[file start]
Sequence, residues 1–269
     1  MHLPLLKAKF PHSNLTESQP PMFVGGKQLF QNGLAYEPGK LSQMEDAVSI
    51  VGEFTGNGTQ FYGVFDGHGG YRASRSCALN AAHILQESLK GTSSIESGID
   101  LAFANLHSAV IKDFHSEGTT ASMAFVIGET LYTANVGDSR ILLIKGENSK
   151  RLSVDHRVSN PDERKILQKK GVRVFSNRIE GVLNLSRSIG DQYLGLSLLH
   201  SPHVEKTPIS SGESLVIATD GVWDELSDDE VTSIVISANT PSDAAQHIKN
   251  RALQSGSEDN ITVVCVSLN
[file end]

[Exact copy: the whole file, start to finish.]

Sequence, residues 1–269
     1  MHLPLLKAKF PHSNLTESQP PMFVGGKQLF QNGLAYEPGK LSQMEDAVSI
    51  VGEFTGNGTQ FYGVFDGHGG YRASRSCALN AAHILQESLK GTSSIESGID
   101  LAFANLHSAV IKDFHSEGTT ASMAFVIGET LYTANVGDSR ILLIKGENSK
   151  RLSVDHRVSN PDERKILQKK GVRVFSNRIE GVLNLSRSIG DQYLGLSLLH
   201  SPHVEKTPIS SGESLVIATD GVWDELSDDE VTSIVISANT PSDAAQHIKN
   251  RALQSGSEDN ITVVCVSLN